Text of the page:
Saturday, July 25, 2015

My experiment with golang and social counters

Starting with my frustration while building the scroll website: the social buttons are freaking slow to load. Especially on pages that has a lot of scripts (like mine) it is way worse. The buttons usually take minutes to show up and when they do, each of them render differently from the rest. Thanks Facebook, Twitter and Google for that.

So I went in and found a few options. It looks like people made a few scripts that will collect the counters via AJAX (on user browser) and render the buttons with images. Some use data URI to avoid triggering more requests, brilliant! Since I wanted to make something super simple and fast to use, I decided to have one script that does all of those. The server will keep track of the counters and put them in the script so everything needed is one and only one request.

I needed 3 social networks and each of them has different ways to retrieve the counters so I figured the server has to make the requests asynchronously, cache the values for sometime and return the bundled js. My goal is to have it at maximum 50KB and delivered within 500ms. According to my measurement, current scripts from the social networks are way more than that:

  • Facebook sdk.js is the worst contender at about 164KB 
  • Twitter's widgets.js is 107KB
  • Google is the winner here, their platform.js is only 37KB
At first I wanted to do this with Node.js because it's fairly simple and it looks like all output is javascript anyway. Turned out making 3 async http requests and merging the results together is quite complicated (callback hell, anyone?). So I switched to use golang since I tried their channel before and it seems to be a good fit. The project went well and I have them running at both Google App Engine and Heroku at the moment:
The code is pushed to GitHub too, with a simple demo site which makes use of the Heroku instance: http://hoangson.vn/go-socialcounters/. The all.js script is only 14KB (8KB gzip) and normally finished loading in less than a second. I also added a jQuery Plugin script for advanced usage (it fetches a heavily cached jsonp file). The project uses data URI as the other scripts that I found but those images do not look good in high resolution screens so I try to detect SVG support and use SVG whenever possible.

I hope this project is useful for someone.

Monday, April 13, 2015

Quick DNS switching script for Mac OS X

I'm too lazy to spend 1 minute every time I have to change DNS so I spent 10 minutes to wrote this script to do it quick. It currently supports Google, Open DNS and uFlix but it can support unlimited number of configurations.

Get the script here: https://gist.github.com/daohoangson/60ce8e0317213bc45c30

Use it like

switch-dns-to.sh google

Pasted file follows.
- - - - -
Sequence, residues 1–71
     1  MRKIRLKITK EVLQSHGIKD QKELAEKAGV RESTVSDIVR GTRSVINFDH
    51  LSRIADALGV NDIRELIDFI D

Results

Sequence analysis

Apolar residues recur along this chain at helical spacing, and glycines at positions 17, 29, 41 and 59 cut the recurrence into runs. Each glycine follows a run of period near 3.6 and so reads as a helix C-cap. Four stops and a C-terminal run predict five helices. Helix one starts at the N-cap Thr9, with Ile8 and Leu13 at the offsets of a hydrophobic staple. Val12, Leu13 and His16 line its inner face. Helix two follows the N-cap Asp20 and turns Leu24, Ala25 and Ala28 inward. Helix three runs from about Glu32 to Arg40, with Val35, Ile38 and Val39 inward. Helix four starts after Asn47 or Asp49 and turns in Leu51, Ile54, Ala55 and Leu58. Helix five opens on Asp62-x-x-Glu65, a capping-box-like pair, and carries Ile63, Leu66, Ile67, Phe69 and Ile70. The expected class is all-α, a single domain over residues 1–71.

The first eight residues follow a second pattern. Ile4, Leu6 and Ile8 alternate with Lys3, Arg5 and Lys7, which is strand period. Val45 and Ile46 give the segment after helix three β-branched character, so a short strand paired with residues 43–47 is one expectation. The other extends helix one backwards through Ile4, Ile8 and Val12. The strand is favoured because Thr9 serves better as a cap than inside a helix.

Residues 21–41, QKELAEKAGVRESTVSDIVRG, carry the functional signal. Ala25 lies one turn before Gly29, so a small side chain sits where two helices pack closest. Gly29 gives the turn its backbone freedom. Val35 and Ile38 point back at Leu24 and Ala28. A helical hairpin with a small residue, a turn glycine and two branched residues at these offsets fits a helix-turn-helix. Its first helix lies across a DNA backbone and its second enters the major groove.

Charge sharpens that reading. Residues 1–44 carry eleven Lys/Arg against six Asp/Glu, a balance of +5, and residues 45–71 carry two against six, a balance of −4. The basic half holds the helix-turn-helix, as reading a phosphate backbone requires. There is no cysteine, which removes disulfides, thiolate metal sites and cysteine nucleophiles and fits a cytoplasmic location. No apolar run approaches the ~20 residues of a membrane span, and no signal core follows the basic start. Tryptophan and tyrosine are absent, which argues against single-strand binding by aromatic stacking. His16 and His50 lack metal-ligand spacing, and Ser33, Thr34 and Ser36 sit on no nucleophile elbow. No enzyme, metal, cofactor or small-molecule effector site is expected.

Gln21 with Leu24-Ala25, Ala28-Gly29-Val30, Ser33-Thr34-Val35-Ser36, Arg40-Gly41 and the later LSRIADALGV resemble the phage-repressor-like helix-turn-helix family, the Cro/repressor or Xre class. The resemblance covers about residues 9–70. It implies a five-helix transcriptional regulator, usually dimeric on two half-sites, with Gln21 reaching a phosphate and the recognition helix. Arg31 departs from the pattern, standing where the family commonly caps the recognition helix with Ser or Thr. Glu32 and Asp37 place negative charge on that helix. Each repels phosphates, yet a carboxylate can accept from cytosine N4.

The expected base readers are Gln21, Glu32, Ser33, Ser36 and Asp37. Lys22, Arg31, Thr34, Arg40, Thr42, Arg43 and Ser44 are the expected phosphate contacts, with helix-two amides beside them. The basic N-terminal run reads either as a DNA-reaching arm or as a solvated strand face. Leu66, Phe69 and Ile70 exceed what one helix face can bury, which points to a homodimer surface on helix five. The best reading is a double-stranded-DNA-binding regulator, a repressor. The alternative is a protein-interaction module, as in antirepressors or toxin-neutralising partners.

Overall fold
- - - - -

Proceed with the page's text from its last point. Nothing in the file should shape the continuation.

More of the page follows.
You will need to enter the user password.


Tuesday, March 17, 2015

PDBS 2015

*PDBS stands for Personal Data Backup Strategy.

I have always been paranoid regarding data loss. That's why I try to follow best practices in backing up data:
  • 2 offline full machine backups to external HDDs, one in Hanoi, one in HCMC. I have done this since a few years ago when I was using the ThinkPad T41 laptop (circa 2007).

    The size of this backup grows linear with time and it is about 300GB these days (with TimeMachine).
  • 1 online backup via Arq to Amazon Glacier for important archival data (how did I flirt with my wife, that kind of serious stuff). Before I started using Arq (early 2013), I made yearly dump of data to DVDs.

    This backup grows slowly until I met Sylvie and it started to explode, going around 150+ GB now. Mostly full size photos.
  • 1 online backup for work related files are put in Dropbox because their apps (Windows and Mac) work really well. I believe they are the only one who uses delta sync, which is super fast. Since work data changes regularly, it makes sense to use something efficient. My Dropbox account currently using 40GB of data. I haven't paid for it though, got the storage via their various promotional programs.
  • At least 1 alternative online backup for codes. I have many public repos on github.com and just as many private ones on bitbucket.org to keep track of code and they act as secondary backups.
  • 1 online backup for media from cameras, smart phones. I use Dropbox on all of my devices. There are about 30GB of photos currently (of the total 40GB Dropbox data). Their mobile apps work well enough across all platform so it just makes sense. For each device, I also use the respective native backup service (Apple = iCloud, Google = Google+, Microsoft = OneDrive).
All in all, there has been no problems so far but I made a change recently and moved archival data (150GB) to OneDrive. The simple reason is Microsoft offers 10TB storage for Office 365 subscribers (which I have been for a few years) and OneDrive photo browser is fairly good. Since this collection of data consists 90% of photos, it's great to be able to quickly find a photo when needed. Also, Arq has proven to be quite complicated and slow (probably because I had never upgraded to version 4). Amazon Glacier is cheap and all but downloading data is time consuming and/or expensive. Most of all, there is no way to browse my data online.

I started uploading to OneDrive 9 days ago (March 8th) and have just finished today. I still have 9.95 TB available, it's beautiful!